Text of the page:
"We make the argument in our discussion of this paper that any discussion further on cost needs to include encounters," says David D. Thiel, MD.
In this interview, David D. Thiel, MD, discusses potential future research from the study, “Conversion to Disposable Cystoscopes Decreased Post-procedure Encounters and Infections Compared to Reusable Cystoscopes.” Thiel is the chief of clinical practice at Mayo Clinic in Jacksonville, Florida.
Further research on this topic can go a long way. Number 1, there's going to be the cost issue. Other papers have started to discuss the cost issue of disposable scopes versus reusable scopes, but it's important when you look at the further research, you can't just say reusable scopes versus disposable scopes. When you look at reuse reusable scopes as a cost item, you have to do everything that comes with it: the preparation, the instrument processing, and that instrument processing not only includes the machines, the chemicals, but also the personnel required to do that. So, it has to include all of that.
And then, we make the argument in our discussion of this paper that any discussion further on cost needs to include encounters, because every time you call, we get a culture. Anytime you engage the system, that increases cost. So, we think that should be part of the cost argument.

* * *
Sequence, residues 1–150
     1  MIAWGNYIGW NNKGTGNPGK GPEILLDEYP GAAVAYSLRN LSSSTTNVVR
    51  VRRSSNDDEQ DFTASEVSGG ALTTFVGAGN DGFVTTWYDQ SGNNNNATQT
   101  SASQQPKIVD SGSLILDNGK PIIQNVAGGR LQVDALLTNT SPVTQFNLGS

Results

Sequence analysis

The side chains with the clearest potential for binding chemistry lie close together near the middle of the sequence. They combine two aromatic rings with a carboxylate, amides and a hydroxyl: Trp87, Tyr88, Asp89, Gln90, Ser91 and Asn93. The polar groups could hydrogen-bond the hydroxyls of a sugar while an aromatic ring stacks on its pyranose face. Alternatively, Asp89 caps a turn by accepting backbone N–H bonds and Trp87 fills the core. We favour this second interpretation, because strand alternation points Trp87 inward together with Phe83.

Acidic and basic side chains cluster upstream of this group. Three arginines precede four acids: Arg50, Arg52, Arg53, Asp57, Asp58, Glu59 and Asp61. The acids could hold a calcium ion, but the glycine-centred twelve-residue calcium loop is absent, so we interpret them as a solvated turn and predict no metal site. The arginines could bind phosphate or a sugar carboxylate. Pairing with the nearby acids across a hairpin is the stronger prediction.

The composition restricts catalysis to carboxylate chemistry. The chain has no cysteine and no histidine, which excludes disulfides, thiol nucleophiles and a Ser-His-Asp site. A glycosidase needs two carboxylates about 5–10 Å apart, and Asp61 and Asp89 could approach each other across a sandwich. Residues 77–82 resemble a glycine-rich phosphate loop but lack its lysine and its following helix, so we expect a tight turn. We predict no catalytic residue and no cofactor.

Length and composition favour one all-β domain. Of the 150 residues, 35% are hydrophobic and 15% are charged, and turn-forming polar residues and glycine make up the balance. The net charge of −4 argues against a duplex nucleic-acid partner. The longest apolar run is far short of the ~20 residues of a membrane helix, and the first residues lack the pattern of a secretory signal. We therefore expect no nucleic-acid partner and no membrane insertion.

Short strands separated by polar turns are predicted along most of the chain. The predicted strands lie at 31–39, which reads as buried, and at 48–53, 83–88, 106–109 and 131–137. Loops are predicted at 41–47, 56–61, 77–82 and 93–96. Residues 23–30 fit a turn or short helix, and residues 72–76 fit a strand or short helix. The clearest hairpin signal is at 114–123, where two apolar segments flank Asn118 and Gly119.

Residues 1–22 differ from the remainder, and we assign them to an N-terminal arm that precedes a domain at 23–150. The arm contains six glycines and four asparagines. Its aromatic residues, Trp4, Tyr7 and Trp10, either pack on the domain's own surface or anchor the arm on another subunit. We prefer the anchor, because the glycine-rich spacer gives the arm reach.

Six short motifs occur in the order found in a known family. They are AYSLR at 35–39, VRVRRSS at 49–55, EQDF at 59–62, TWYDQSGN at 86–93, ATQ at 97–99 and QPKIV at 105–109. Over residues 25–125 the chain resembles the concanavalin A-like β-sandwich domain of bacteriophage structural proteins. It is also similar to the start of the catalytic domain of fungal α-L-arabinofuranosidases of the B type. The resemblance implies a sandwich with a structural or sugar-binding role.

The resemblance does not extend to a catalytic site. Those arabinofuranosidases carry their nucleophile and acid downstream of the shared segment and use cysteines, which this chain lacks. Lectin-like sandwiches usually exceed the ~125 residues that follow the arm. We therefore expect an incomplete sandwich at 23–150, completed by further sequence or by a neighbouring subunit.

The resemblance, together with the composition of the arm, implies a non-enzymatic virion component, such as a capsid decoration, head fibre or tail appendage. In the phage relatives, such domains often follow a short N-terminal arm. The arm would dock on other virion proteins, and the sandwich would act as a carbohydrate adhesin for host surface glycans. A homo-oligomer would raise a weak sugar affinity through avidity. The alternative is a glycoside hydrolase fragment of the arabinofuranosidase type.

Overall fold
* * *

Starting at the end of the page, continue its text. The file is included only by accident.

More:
There have been other papers that have demonstrated efficacy when you look at just surveillance of office cystoscopy, showing there's not much difference between reusable scopes and the disposable scopes. We don't think there's further avenue in that. I don't think there's going to be any more to saying "hey, can we see a tumor as well with the disposable scope compared to a reusable scope." I don't think there's much more to go there, so I think a lot of it's going to be in cost.
A third avenue will be the environmental concerns. But it's important when you look at that too, you can't just look at reusable scopes, "hey we reuse it," versus disposable scopes, we throw away, and you're going to say there's a lot of environmental concerns with that. But there's environmental concerns too with instrument processing as far as the amount of water that it generates, chemical waste, and so on. So, that's a further avenue to go with these disposable scopes. On a side note, it'll be interesting to note as more vendors come to the market – and this is laid out in editorial by Dr. Steinberg, as well, and it’s in our discussion – the cost of the disposable scopes will continue to go down as more and more vendors hit the market.
This transcription has been edited for clarity.